We talked to Bill Boberg, Chief Executive of UR-Energy (TSX: URE). He updated us on the progress at two advanced uranium projects in Wyoming: Lost Soldier and Lost Creek. Boberg rented to attendance in situ mining operations in late 2008, starting with per thousand 50,000 pounds of uranium oxide (U3O8). He hopes to be producing between 500,000 and 700,000 pounds by the end of 2009 with about 1 million pounds for an annual rate after that.
StockInterview: How would you sum up the status of UR-Energy at this moment?
Bill Boberg: Basically, we're in the unexciting part of what's going on right now. We've got our deposits. We're involved in the grunt work of moving them forward. It's just all of the details that it takes to make it happen: the permitting, the engineering, the pump tests, the drilling, going in and plugging old drill holes. We're making sure that everything is working the way that it needs to work. That's why I say that's really the unexciting part of it. It's just keeping our nose to the grindstone and plugging away.
StockInterview: Are you happy with your two orebodies: Lost Creek and Lost Soldier?
Bill Boberg: Yes, we feel very good about what we have. When first we spoke (February 2006), we were dealing specifically with only historical resources. In the meantime, we completed our National Instrument 43-101 conversion. We did our conversion to 43-101 resources, I think, considering differently than most people have been doing them. We felt it necessary to go in and evaluate the deposits by drilling them to confirm the historic drilling. Then, we dropped all the historical data that we have on file apart, and put it back together again to recreate the entire resource picture based on our mining method, which is in situ.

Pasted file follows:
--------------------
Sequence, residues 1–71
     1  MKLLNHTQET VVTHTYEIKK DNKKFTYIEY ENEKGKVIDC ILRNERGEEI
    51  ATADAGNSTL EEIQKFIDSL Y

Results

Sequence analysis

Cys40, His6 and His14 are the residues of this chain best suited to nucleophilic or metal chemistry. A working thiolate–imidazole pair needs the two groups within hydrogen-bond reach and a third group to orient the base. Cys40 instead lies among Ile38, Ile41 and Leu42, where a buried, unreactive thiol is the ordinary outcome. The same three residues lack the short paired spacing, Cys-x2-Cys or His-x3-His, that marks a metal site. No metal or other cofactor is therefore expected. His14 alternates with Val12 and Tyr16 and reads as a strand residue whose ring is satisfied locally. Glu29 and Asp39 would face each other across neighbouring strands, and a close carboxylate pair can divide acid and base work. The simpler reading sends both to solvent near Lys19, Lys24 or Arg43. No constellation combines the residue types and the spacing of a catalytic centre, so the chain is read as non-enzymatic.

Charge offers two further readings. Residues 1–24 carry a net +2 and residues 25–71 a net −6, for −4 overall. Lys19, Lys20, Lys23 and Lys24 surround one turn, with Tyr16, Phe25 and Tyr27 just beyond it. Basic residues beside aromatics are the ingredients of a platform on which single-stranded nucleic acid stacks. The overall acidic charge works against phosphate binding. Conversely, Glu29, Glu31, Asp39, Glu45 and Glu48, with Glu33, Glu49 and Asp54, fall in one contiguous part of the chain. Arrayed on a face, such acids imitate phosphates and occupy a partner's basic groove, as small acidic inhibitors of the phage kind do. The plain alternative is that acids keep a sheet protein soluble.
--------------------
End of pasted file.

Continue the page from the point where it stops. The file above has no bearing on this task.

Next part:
StockInterview: Why Did You Feel This Was Required?
Bill Boberg: In the late 70's, most of the operators were looking at these as either open pit or underground mines or a combination of the two. For instance, when they were looking at Lost Soldier, Kerr-McGee's initial plan was to mine the upper portion by open pit and then mine the deeper portion of it underground. Because we're looking at this as an in situ mine, that requires a different way of evaluating it, a different way of looking at our resources.
StockInterview: So, how did you look at Lost Soldier?
Bill Boberg: We looked at our resources very specifically with the idea of what we'd be able to consider from an ISL mining point. For instance, if we found a fairly high grade resource, which was tied up in very fine grain material and which we would not be able to access with an in situ fluid, we dropped it from our resource. It would not fall into any resource category which we would consider potentially economic. It's all a matter of balancing. We feel the resources we've defined as 43-101 resources are very real things that we can do our mine planning on. And, that's exactly what we're working on.
StockInterview: And what does your mine planning involve?
Bill Boberg: To know what it is we're dealing with, we'll complete our pump testing to develop additional engineering data, get our flow rates and get everything developed on the project. We plan on giving a contract for a feasibility study in November. Then, we'll try to get a feasibility study completed by the end of the first quarter so we'll have all of the material put together for making our applications for permit to mine. We'll complete the feasibility studies on both projects – we're essentially in lockstep on both of them – and then submit the application for "permit to mine" on both projects at the end of the second quarter or early part of the third quarter next year.
StockInterview: What is the average thickness and average grade of each deposit?
Bill Boberg: Lost Soldier rates 17.2 feet at 0.065 percent at an average depth of 240 feet. It occurs in two primary zones. Lost Creek rates 19.5 feet at 0.058 percent averaging 425 feet deep in essentially one zone.
StockInterview: What are you production targets from these deposits?